Bringing Closure

It's really hard to figure what more the Canadian Forces could possibly do to prevent a soldier returning from overseas duty from being depressed to the point where they eventually attempt suicide, and eventually succeed. If someone is that determined, they will succeed. No one can be kept on a 24-hour suicide watch. And someone who had attempted suicide no fewer than five times and who finally succeeded did so because he needed to.

Cpl. Stuart Langridge, who had served in Bosnia and had been involved as a member of a high-risk reconnaissance unit in the mountainous regions of Afghanistan in Kabul, died in 2008, buried on his 28th birthday. His grieving mother and step-father seem to feel that the military is at fault for failing their son. What possibly is inexplicable and damaging to the military is that Cpl. Langridge's suicide note was withheld from his family for over a year.

But what the military, who clearly mourn and heavily regret any loss of their own, surely cannot be accused of, is abandoning one of their own at his time of anguish and need. But solutions do not necessarily come readily to hand. Particularly when someone has succumbed to some perceived inner need and turns to alcohol and drugs and becomes addicted to both, thus complicating an already complex emotional need.

The family claims, and their lawyer reiterates, their belief that Cpl. Langridge was an unfortunate victim of post traumatic stress syndrome. An acute form of PTSD, according to reports in the media. His mother and stepfather have mounted over 30 allegations of wrong-doing on the part of 13 military police officers, impacting on their son's state of distress and eventual successful suicide mission.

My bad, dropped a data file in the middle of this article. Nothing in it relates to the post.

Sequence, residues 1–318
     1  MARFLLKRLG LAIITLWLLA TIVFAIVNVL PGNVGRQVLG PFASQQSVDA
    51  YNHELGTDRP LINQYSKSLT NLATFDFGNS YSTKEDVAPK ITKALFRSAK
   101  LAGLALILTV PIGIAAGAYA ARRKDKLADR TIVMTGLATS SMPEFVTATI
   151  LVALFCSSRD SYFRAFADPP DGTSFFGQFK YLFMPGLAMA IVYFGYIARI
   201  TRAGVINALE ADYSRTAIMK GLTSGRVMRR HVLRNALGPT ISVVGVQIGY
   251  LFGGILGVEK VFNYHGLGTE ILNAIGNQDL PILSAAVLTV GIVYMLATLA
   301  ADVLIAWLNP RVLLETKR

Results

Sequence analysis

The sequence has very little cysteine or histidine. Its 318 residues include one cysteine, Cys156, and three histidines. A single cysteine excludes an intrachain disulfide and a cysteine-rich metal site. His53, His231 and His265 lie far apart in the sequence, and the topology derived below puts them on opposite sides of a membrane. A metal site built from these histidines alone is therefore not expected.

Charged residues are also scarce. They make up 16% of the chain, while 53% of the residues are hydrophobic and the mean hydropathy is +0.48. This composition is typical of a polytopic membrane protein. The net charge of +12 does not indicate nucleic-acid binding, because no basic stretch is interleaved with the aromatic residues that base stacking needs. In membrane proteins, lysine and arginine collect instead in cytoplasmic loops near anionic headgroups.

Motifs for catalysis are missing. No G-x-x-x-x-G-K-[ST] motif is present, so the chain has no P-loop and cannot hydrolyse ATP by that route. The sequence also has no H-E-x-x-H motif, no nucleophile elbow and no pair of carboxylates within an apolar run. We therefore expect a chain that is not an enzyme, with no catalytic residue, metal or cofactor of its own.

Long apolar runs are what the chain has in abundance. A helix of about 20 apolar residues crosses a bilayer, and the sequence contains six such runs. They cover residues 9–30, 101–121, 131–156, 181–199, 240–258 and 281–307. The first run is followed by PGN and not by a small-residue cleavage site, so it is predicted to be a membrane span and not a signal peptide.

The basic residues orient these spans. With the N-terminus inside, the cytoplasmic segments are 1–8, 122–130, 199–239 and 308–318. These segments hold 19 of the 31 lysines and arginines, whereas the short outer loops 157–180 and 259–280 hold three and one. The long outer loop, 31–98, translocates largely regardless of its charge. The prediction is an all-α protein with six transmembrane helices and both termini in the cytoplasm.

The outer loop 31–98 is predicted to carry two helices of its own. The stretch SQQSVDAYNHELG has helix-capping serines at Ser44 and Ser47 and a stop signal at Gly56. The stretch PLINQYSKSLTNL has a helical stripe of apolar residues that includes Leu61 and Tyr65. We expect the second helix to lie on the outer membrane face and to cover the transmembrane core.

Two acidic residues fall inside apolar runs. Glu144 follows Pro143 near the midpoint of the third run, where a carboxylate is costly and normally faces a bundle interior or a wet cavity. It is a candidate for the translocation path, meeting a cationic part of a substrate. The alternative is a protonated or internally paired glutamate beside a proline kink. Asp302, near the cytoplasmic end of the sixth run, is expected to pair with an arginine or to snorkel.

The military, for their part, insist they did what they could, using all the professional expertise available to them. They feel, also that it was Cpl. Langridge's addictions to alcohol and drugs that are heavily implicated in his depressive states and suicide attempts, and not, as his family claims, any condition relating to trauma experienced overseas.

Shortly before his death Cpl. Langridge had completed 30 days of psychiatric treatment, leaving hospital to return to CFB Edmonton. Several days later, an argument with his girlfriend saw him living in his truck, and he asked base surgeon Major Richard Hannah to be returned to Alberta Hospital which at the time was not possible because its psychiatric unit was full.

He was instead accommodated with a bed at his unit, Lord Strathcona Horse, and was carefully followed. At the time he hanged himself he had traces of cocaine in his system. Major Richard Hannah insists Cpl. Langridge's problem was drug and alcohol addictions. "Cocaine can cause people to commit suicide."

He also pointed to the fact that no fewer than three separate psychiatric reports conclude with no evidence of PTSD. "I busted my butt to take care of Cpl. Langridge. He was a troubled young man who had many problems. I wanted to know whether we had dropped the ball. If I made a mistake I wanted to know. I didn't want Cpl. Langridge to die. That was the last thing I wanted to happen. If I had made a mistake, I would have put my hands up and admitted it."